LONDON, January 18, 2018 /PRNewswire/ --
Neodymium (Nd) claimed the headline spot for the suite of 15 rare earths in 2017, following a positive demand outlook for NdFeB permanent magnets used in wind turbines and electric vehicle motors. Globally, rare earth operations and projects are switching their focus onto the costs of producing Nd and praseodymium (Pr) - used together as NdPr alloy in magnets - which typically carry over 80% of the total contained rare earths basket value.
The price of neodymium surged in Q3 2017, reaching US$76/kg in September, an increase of over 100% since the beginning of the year. The increase in prices was triggered by environmental reforms in China causing tightening supply from producers, which was amplified as purchases by traders removed more material from the spot market.
This price hike was short-lived, and prices fell back to Q2 levels in early December as traders released material back into the market and Chinese producers came back online. However, a second uptick in prices followed in mid-December 2017, which saw the price of neodymium increase by 19% to reach above US$47.5/kg. The December price rise has continued into 2018, with neodymium prices up a further 14% in the first ten days of January.
The volatility in rare earth prices has been felt across the full suite of elements, with the average increase of the 15 elements up 57% during Q3 2017. By the end of 2017, the average REE year-to-date prices had settled at a more modest 17% increase, with cerium realising a 44% rise. Dysprosium was the only element to end the year lower than it had started, down a modest 0.9%. Since December 2017, dysprosium prices have recovered slightly in line with other magnetic rare earth elements, while non-magnet materials have not seen the same shift. This suggests a price rise in response to increasing demand for magnetic materials compared with tight supply, which is felt across the entire REE suite.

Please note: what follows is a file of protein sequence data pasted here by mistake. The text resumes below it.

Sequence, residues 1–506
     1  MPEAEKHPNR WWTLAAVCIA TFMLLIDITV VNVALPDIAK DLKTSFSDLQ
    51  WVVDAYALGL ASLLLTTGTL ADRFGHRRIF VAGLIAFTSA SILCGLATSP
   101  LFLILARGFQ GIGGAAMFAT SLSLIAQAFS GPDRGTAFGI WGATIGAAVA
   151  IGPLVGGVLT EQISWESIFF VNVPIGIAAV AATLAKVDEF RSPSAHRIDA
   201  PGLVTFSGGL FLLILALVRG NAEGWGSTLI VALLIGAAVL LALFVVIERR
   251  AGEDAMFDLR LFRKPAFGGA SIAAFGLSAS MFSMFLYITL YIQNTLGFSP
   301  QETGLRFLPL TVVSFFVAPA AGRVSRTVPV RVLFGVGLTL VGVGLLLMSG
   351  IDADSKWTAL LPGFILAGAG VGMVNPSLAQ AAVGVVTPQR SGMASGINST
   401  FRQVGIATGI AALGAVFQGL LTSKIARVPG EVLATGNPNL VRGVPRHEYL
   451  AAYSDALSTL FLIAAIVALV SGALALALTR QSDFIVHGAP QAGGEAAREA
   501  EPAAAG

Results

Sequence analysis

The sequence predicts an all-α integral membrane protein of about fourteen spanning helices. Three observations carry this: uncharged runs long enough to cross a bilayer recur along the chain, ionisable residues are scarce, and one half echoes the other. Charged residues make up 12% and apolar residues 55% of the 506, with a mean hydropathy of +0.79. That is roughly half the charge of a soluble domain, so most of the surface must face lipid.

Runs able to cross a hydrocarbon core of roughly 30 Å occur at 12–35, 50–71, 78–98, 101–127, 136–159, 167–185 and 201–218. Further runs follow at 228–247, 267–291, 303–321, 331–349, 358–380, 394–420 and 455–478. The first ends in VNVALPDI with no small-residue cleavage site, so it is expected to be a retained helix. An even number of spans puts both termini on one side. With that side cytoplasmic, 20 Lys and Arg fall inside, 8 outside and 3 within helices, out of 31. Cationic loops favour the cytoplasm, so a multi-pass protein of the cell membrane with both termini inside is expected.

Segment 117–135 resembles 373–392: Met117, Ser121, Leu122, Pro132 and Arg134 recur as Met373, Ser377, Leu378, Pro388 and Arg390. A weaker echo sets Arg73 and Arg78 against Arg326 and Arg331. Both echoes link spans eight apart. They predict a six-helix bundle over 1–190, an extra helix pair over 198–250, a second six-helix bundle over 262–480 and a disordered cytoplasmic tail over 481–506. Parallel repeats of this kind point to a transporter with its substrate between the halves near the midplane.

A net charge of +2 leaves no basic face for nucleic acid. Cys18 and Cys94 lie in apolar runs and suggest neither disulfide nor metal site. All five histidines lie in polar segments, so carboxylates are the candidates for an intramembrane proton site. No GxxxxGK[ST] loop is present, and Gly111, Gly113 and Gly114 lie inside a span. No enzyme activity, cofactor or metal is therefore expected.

Batteries driving raw material markets
Roskill's analysis indicates that demand for neodymium in permanent magnets is set to take off. Roskill's rare earths report, published in November 2017, forecasts Nd demand to grow by nearly 10%py over the period to 2021, off the back of demand from electric vehicles and renewable energy end-use applications. Roskill estimates neodymium was already in supply deficit during 2017, requiring stockpiled material to meet demand.
Permanent magnets are fundamental to the powertrain of electric vehicle (EV) motors already in use in major EV models such as the Nissan LEAF, Chevrolet Bolt, BMW i3 and, most recently, the Tesla Model 3 Long Range EV.
This puts Nd and Pr in league with battery materials such as graphite, cobalt and lithium, where price movements have been sparked by electric vehicle demand forecasts rapidly outpacing available supply. Whereas battery materials and technology determine the storage, recharge and power output, permanent magnet motors determine the efficiency at which this energy is utilised to move from A to B. As a result, a more efficient motor can reduce battery requirements or get more out of existing battery technologies.
Consuming 1-2kg of permanent magnets per vehicle motor, Roskill expects the demand for Nd and Pr to continue on an upward trend following the advances of the EV market. Tesla's decision to move from its patented AC induction motors used in all previous models to a 3-phase NdPr permanent magnet motor has promised a larger market share for NdPr compared to other permanent magnet materials.
Roskill's Rare Earths: Global Industry, Market and Outlook Report 16th edition is available now and provides a comprehensive overview of production, consumption, trade, prices, major producers and development projects. Quarterly updates also allow subscribers access to the latest industry trends and analysis to give an up-to-date overview of the Rare Earths industry.
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SOURCE Roskill Information Services